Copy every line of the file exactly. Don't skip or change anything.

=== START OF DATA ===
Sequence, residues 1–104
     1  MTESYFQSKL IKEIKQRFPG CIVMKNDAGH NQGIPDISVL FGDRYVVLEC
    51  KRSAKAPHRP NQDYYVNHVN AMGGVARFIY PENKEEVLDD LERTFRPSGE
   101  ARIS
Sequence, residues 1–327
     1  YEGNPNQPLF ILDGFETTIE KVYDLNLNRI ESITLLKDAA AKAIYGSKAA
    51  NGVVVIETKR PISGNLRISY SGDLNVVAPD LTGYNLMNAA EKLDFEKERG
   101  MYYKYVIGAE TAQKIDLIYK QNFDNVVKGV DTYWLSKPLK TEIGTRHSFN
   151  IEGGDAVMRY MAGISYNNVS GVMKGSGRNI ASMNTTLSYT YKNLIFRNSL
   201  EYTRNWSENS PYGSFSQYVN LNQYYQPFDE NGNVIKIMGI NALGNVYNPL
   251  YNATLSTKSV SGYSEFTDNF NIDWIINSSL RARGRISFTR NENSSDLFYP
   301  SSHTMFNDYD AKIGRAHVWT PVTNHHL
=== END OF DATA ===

Sequence, residues 1–104
     1  MTESYFQSKL IKEIKQRFPG CIVMKNDAGH NQGIPDISVL FGDRYVVLEC
    51  KRSAKAPHRP NQDYYVNHVN AMGGVARFIY PENKEEVLDD LERTFRPSGE
   101  ARIS
Sequence, residues 1–327
     1  YEGNPNQPLF ILDGFETTIE KVYDLNLNRI ESITLLKDAA AKAIYGSKAA
    51  NGVVVIETKR PISGNLRISY SGDLNVVAPD LTGYNLMNAA EKLDFEKERG
   101  MYYKYVIGAE TAQKIDLIYK QNFDNVVKGV DTYWLSKPLK TEIGTRHSFN
   151  IEGGDAVMRY MAGISYNNVS GVMKGSGRNI ASMNTTLSYT YKNLIFRNSL
   201  EYTRNWSENS PYGSFSQYVN LNQYYQPFDE NGNVIKIMGI NALGNVYNPL
   251  YNATLSTKSV SGYSEFTDNF NIDWIINSSL RARGRISFTR NENSSDLFYP
   301  SSHTMFNDYD AKIGRAHVWT PVTNHHL